The Future of Social Media Marketing?
The following article was written by Emily R. Coleman, President of Competitive Advantage Marketing, Inc. When I first read it I absolutely knew that Emily had hit the proverbial nail on the head, and with her permission we’re now adding it to our blog.
A friend recently sent me Evan Bailyn’s Outsmarting Social Media with the instructions to “Read it!” It’s an interesting book, well worth the time to look at. Bailyn has some thoughtful and practical suggestions and insights on marketing through Facebook and Twitter (although I think Facebook’s new Timeline has thrown him a curve).
The subtitle of the book is “Profiting in the Age of Friendship Marketing,” and one of Bailyn’s key themes is how social media are changing the way marketers and advertising agencies will be using “influencers.” With social media, the concept of “influencer” (or “trend setter”) is being brought down from the realm of celebrities to individuals in our lives whose opinions we respect.
What makes this granularity and personalization of influence so potent is that we decide who influences us, taking the guess work out of picking spokespersons. As we add more and more personal information to our personal social media accounts, and as Facebook and Google (whom Bailyn sees as the main competitors in this emerging arena) perfect algorithms for real-time and truly personalized search, marketers and advertisers will be able to deliver their pitches at the level of the individual. (In fact, Google has just rolled out its newKnowledge Graph or “semantic web” to make searches more personalized and intuitive.)
Bailyn foresees the time when ads for sneakers, for example, will be sent to you with a picture of one of your individually chosen influencer friends wearing or endorsing the brand.
As a marketer, that sounds pretty exciting. People will tell us what they want, what they need, and what they worry about. Even better, they’ll tell us who they know who would influence their buying decision. Wow! My job just got a whole lot easier.
I have no doubt that sometime in the not-too-distant future, women will be getting personalized lingerie ads and Cialis™ promotions will be targeted more precisely.
As an individual, however, the whole thing makes me a little queasy.
It’s probably a generational thing, but I have a profound objection to the notion of my friends becoming shills for products. Certainly, I’m interested in their opinions and experiences with products and services and just plain stuff. But when I want those opinions, I’ll ask for them. (And I really don’t care what underwear my friends prefer.) More important, as soon as these opinions are co-opted by advertisers, they will be significantly diminished in my eyes. (Actually, I’d probably get in touch with my friends and ask them if they knew they were being used, and what were they thinking!).
Certainly, the idea of friendship (or relationship) marketing is not new. It is, after all, the basis for all the multi-level marketing (MLM) programs.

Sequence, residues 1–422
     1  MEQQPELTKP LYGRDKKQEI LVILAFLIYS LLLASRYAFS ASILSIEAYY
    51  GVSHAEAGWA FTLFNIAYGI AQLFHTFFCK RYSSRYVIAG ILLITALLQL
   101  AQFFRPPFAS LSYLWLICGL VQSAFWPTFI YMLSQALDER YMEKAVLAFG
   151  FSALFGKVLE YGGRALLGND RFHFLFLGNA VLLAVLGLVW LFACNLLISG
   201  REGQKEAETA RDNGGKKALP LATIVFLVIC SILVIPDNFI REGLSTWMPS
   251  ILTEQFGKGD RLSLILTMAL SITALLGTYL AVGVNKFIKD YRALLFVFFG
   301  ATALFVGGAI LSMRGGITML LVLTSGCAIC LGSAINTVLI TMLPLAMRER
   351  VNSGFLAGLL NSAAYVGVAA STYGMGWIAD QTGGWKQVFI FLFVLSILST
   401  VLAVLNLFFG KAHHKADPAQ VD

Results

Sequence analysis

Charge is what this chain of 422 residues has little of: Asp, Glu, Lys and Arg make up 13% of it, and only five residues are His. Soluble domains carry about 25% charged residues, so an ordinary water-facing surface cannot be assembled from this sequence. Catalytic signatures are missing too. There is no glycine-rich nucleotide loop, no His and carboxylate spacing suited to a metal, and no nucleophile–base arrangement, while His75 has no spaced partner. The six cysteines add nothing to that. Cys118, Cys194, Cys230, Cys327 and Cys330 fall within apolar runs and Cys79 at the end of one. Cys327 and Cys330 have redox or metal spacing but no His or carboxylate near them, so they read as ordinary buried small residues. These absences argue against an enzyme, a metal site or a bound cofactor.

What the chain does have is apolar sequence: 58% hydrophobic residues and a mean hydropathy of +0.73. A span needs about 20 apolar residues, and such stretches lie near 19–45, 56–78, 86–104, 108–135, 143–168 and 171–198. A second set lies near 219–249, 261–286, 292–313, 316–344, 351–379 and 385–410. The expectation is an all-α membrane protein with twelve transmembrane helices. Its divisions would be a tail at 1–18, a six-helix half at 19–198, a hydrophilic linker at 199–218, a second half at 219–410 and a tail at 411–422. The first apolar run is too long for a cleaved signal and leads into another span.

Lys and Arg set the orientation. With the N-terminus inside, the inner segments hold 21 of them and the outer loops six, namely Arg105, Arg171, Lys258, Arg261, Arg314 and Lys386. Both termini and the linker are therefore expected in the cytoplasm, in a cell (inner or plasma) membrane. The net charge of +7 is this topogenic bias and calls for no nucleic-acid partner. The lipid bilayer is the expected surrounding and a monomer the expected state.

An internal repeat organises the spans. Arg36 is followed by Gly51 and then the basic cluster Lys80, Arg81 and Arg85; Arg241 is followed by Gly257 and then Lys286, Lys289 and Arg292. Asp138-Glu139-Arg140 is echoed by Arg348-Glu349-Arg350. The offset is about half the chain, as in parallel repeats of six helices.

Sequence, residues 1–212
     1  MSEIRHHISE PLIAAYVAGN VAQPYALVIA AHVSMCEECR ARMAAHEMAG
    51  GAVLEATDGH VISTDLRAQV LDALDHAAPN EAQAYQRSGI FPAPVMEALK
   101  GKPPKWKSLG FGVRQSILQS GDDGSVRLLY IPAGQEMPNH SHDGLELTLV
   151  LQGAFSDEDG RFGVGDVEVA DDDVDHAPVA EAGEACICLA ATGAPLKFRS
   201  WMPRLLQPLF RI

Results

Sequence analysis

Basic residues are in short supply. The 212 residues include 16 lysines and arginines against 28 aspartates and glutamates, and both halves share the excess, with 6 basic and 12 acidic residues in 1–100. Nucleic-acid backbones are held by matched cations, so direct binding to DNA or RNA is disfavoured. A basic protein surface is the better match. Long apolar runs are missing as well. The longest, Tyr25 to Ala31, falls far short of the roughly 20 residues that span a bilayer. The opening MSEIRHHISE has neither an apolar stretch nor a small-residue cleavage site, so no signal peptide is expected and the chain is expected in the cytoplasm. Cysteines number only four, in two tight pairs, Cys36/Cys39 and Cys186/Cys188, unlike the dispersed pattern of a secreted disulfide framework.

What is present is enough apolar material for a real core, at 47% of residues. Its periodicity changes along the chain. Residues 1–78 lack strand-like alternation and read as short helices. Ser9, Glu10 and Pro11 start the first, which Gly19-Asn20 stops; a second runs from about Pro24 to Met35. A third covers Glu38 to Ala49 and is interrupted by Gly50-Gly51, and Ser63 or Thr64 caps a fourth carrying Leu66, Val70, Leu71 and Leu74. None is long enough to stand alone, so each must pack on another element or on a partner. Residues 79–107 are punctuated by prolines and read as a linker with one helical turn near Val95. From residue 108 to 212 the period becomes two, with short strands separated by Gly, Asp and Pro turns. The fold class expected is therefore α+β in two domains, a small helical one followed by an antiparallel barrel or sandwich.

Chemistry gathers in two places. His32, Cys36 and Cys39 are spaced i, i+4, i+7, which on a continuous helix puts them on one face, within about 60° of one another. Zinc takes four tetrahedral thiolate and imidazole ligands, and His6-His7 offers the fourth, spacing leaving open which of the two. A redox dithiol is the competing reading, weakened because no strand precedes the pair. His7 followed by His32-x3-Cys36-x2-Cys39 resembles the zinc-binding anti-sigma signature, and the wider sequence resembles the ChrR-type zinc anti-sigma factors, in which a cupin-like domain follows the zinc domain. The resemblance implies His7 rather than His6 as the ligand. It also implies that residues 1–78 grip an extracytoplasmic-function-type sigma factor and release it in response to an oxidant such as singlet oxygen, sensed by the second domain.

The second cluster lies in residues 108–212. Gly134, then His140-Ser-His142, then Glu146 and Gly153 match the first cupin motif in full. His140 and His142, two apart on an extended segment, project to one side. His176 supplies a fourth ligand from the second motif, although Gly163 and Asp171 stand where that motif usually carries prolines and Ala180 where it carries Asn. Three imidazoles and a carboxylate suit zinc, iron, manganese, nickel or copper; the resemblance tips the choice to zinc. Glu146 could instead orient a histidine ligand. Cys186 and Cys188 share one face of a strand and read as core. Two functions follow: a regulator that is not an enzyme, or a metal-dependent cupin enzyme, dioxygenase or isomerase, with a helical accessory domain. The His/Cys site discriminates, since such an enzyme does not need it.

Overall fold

What is new is taking the personal out of the personal relationships, interjecting third-party interests between the individual and the individual’s influencers.
What is new is the coming unprecedented ability to gather and manipulate vast amounts of personal information at the most granular and individual level.
Okay, so I admit it. I’m old-fashioned. I’m not looking forward to a brave new world where we put more and more of what used to be private information online. And I’m not looking forward to a brave new world where that information is increasingly accessed by people I don’t know and is used to try and sell me stuff. I get enough unsolicited suggestions for how I should spend my money as it is.
I have no issue with companies making billions off “friendship marketing.” I am a capitalist to my toes. (Though I am probably not going to be a very good target for their campaigns.)
But this data collection (voluntary as it may be) makes me queasy because:
- It will probably be a matter of minutes before politicians and political causes catch on to the advantages of granular marketing. They will obviously use this accessible database for fund-raising, volunteer gathering, and get-out-the-vote drives – at a minimum.
- How long do you think it will be before politicians and government agencies use this data in less benign ways?
- What do you think the chances are that all this private and personal information you are consolidating on social media sites will not be hacked?
Okay, I’m old fashioned. But I fear that in the not-too-distant future, we will be reminiscing about what personal privacy used to mean.
About Emily R. Coleman
Dr. Emily R. Coleman is President of Competitive Advantage Marketing, Inc., a consultancy that specializes in helping companies extend their marketing reach and impact. Her hands-on experience extends from the development and integration of enterprise-wide marketing communications, through the creation and implementation of strategy to achieve business objectives, into the innovation of techniques to ensure that tactics support business strategy. Dr. Coleman can be reached at firstname.lastname@example.org. She can be found on LinkedIn, Twitter, and Facebook.
Posted in: Choice, Context, Personalization, Privacy, User Experience